Explaining Nevada Law: Trespassing

Explaining Nevada Law: Trespassing
Explaining Nevada Law: Trespassing

Nevada’s trespassing law is found in Nevada Revised Statutes (NRS) Chapter 207 Section 200, 203 and 204. Section 200’s verbiage says that when “any person…” not involved in a burglary “goes upon the land or into any building of another with intent to vex or annoy the owner or occupant thereof, or to commit any unlawful act” or “willfully goes or remains upon any land or in any building after having been warned by the owner or occupant thereof not to trespass” is guilty of the misdemeanor of trespassing.

The remainder of the section discusses proper and legal ways to inform others not to trespass on property, and also indicates that fencing non-agricultural land is sufficient warning against trespassing.

The following two sections, 203 and 204, disallow those found guilty of prostitution from entering Casinos, and if found will be in violation of the trespass law, and also finds that base jumpers are also guilty of trespass, unless it is part of an emergency or has been properly permitted.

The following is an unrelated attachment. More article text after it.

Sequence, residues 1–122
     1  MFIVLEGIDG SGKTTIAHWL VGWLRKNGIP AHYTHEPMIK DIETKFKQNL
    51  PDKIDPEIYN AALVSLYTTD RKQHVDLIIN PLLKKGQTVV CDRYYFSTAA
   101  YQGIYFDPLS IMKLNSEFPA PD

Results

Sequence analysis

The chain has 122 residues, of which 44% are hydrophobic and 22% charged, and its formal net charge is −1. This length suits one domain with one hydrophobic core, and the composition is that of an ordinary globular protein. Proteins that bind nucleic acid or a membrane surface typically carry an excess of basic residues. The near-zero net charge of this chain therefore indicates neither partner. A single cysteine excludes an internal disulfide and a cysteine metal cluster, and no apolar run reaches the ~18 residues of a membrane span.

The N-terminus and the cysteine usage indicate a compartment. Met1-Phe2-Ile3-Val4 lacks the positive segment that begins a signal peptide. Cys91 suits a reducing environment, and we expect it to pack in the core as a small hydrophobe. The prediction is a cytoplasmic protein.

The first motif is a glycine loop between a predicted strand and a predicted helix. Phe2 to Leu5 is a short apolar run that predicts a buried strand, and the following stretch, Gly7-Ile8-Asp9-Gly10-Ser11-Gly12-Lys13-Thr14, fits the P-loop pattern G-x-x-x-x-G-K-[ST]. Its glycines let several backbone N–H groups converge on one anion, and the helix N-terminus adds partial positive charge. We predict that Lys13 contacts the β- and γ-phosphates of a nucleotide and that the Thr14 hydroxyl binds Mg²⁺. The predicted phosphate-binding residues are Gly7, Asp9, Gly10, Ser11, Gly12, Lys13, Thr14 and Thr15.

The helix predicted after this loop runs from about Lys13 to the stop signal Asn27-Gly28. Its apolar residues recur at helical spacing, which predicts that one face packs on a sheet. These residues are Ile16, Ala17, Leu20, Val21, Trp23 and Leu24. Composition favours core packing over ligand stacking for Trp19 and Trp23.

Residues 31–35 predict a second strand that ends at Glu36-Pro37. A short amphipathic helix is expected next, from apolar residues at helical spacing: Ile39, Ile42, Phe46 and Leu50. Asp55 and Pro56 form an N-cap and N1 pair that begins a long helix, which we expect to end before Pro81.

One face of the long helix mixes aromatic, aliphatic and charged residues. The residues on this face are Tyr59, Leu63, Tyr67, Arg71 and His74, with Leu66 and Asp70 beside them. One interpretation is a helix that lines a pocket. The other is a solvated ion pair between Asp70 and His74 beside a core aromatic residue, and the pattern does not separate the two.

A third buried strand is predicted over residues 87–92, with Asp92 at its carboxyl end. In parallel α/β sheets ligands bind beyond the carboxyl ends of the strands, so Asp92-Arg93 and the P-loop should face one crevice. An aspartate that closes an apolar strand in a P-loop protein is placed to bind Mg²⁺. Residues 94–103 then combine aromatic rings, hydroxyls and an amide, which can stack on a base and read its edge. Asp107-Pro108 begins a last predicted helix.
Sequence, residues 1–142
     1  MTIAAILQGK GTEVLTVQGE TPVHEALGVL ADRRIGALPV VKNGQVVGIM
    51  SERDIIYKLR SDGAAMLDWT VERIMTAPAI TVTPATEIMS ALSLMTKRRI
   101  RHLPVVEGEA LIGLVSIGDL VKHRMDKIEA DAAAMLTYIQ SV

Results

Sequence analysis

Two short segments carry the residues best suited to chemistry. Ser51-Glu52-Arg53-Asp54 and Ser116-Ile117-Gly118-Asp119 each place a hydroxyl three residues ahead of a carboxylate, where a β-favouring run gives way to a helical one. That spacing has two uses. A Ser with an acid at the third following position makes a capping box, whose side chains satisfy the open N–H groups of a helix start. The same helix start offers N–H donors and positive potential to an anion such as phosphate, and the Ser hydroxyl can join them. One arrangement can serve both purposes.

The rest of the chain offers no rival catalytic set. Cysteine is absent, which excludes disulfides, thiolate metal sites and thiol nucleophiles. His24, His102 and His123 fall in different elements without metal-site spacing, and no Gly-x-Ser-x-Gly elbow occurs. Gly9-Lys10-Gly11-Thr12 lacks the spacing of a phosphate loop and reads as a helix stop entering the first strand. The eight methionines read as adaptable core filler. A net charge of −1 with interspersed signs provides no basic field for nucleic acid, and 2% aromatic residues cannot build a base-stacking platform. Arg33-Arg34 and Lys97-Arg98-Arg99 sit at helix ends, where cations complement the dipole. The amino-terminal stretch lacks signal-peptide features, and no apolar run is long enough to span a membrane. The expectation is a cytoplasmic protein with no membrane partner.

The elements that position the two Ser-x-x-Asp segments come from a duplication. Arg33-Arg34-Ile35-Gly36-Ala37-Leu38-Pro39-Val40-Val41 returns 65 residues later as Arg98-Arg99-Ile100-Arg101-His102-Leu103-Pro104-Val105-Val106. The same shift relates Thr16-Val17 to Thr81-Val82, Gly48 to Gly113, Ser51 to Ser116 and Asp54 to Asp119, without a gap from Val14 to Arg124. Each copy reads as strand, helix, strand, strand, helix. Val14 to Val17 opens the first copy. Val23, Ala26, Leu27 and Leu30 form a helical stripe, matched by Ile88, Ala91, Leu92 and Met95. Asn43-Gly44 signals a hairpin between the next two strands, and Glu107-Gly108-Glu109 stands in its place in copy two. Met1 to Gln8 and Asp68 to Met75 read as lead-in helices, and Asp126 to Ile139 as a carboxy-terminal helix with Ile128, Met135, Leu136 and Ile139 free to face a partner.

A couple of other sections discuss issues with putting up No Trespassing signs without the owner’s permission, and also indicates that destruction of trespassing signs as a misdemeanor.

In our state, being asked to leave a casino or other place of business, or returning to the premise after being asked to leave can put you in violation of Nevada’s trespassing statutes.

Chances are if you are charged with trespassing, you will also have other charges included, which can make the cost of the trespass quite high. The misdemeanor of trespassing by itself carries a penalty of up to six months in county jail and/or a $1,000 fine. Trespassing with a firearm, or other deadly weapon, is a class B felony, and trespassing with a camera is a gross misdemeanor, which carries a penalty of up to a year in jail, and/or a fine of up to $2,000.

Regardless of the circumstances, entanglement with the criminal justice system is not something that most people want, and even if the fine is light, the criminal act remains on your record, which can complicate background checks used to qualify for employment or credit.

We can help if you have been charged with trespassing. We will supply you with the legal options available, give you sound legal advice and will defend you in court. Our attorneys have represented others in this situation and have the knowledge and skills to present a defense that will withstand argument and give you the best chance of a favorable verdict.

Call us today to discuss your situation at (702) 333-3333.

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